Battery talk:

The aim had been to buy a hygrometer in Halfords sadly they don’t sell hygrometers so we had to look at alternative tests. Our batteries are awkward to access but with a mirror I could see that there was an equal level of fluid in the first cell of each battery. Disconnecting the leads every battery had the same voltage to within 0.02V, one or two of the terminals were not as tight as perhaps they could have been but that was a bit arguable. So for the second time we have had a few odd things happening on our first day out but nothing obviously wrong? Can’t remember the actual voltage when we disconnected the leads (12.59V?) but I remember thinking it was about right after an hour or so charging.

Our batteries have had weeks sitting at float and getting lazy? Could there be some sort of surface charge effect going on? Before we invest in new batteries it is time to give our batteries a but more exercise and an equalisation charge? Aim was to do that today (17th March) but the w o r k thing got in the way.


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Boat Blog: Keeping the Basingstoke Canal alive…

Posted by indigodream on 16 March, 2013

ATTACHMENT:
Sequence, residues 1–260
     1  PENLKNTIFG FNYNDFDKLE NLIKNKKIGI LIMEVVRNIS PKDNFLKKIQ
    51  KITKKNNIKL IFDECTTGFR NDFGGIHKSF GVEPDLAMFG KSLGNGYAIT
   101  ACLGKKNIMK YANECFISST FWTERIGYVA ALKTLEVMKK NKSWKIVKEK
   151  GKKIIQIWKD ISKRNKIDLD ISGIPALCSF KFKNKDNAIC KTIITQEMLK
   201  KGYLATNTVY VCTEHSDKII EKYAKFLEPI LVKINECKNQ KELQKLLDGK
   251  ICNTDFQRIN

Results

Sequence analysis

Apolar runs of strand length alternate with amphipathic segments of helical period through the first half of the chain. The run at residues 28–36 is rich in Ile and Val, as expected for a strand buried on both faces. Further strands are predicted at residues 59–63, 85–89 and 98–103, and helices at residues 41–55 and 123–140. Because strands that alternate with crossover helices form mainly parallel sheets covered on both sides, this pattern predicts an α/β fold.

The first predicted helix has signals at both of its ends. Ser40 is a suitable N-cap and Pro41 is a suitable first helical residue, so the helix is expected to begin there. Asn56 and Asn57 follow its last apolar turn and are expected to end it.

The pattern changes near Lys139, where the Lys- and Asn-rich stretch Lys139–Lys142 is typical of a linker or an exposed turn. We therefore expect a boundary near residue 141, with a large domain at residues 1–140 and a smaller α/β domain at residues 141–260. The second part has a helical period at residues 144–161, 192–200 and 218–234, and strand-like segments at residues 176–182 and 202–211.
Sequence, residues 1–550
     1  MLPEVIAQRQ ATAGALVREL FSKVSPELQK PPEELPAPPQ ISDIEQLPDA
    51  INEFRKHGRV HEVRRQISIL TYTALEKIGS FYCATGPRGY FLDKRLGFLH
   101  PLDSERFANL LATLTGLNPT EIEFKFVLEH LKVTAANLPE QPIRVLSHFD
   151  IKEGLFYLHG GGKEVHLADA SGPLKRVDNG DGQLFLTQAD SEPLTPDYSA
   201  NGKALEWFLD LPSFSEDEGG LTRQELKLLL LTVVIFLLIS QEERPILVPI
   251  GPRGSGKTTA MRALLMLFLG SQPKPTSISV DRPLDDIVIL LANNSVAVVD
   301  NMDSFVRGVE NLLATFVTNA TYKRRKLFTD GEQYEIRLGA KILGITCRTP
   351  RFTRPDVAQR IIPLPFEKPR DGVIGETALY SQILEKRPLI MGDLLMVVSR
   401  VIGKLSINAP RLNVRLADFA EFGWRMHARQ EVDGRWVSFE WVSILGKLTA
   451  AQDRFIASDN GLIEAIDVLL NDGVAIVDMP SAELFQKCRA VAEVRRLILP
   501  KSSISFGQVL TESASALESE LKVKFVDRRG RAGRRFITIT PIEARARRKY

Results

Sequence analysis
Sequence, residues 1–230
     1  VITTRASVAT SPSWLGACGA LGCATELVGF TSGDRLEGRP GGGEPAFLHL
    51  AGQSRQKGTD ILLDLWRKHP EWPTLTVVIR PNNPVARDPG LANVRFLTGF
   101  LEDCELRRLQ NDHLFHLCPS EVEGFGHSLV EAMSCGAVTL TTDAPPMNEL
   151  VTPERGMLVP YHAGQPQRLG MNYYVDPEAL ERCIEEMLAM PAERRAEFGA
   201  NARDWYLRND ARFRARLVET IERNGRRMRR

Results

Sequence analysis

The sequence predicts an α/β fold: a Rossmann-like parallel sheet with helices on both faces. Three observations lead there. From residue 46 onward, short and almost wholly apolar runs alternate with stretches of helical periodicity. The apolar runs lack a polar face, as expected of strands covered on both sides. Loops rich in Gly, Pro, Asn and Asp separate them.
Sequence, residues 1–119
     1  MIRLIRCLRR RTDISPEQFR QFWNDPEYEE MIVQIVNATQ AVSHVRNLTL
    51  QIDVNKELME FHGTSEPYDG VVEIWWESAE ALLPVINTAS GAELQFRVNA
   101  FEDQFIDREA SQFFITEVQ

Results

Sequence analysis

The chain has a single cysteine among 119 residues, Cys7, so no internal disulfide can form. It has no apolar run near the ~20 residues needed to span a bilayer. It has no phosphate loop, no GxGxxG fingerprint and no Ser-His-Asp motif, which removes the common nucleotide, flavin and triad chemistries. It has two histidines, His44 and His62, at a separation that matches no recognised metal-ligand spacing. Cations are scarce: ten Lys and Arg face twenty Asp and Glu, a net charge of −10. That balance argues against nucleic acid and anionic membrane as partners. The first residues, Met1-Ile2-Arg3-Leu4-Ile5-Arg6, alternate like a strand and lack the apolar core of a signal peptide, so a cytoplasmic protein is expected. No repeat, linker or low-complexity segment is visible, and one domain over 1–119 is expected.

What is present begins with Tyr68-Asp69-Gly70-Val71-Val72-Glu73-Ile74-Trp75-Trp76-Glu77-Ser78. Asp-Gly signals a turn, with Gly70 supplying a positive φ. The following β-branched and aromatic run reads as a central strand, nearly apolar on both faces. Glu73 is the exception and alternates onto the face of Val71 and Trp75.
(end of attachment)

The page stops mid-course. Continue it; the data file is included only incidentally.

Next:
Friday 15th March

The Byfleet Boat Club had an excellent presentation this evening, featuring the Basingstoke Canal’s “Heroes and Villains”. The speaker, Roger Cansdale, outlined the canal’s troubled history right up to its troubled present. I though that Roger might be being over-dramatic when he said it was a miracle that there was a canal left at all, but as he wove the tale of dastardly chicanery involved in its management over the centuries I had to agree with him!

I won’t go through the details of the presentation – if you want to know more then invest £3 in the Basingstoke Canal Society’s booklet “A history of the Basingstoke Canal”- available from their website – click here

The crux of the talk was that while it takes hard work and vision to restore a canal, it’s as nothing to the hard graft needed to keep it alive when the fanfare of the re-opening ceremonies has faded. So, what can do to keep the canal alive…..?

… boating there – what easier and more pleasant way can there be to keep a canal working 🙂

So, what else can you do to keep the canal alive?

Of course, donations are eternally welcome and they’re always looking for volunteers to help with various projects – Roger couldn’t overestimate how important volunteers will be to the ongoing maintenance of the canal.

So, we’ll be joining a convoy at Easter to cruise the available length of the canal – currently as far as Odiham. There are an impressive number of boats booked on – in fact, it may be the biggest boating event since the jubilee! If you have a boat in the vicinity why not come along – click here to get to the details and booking form.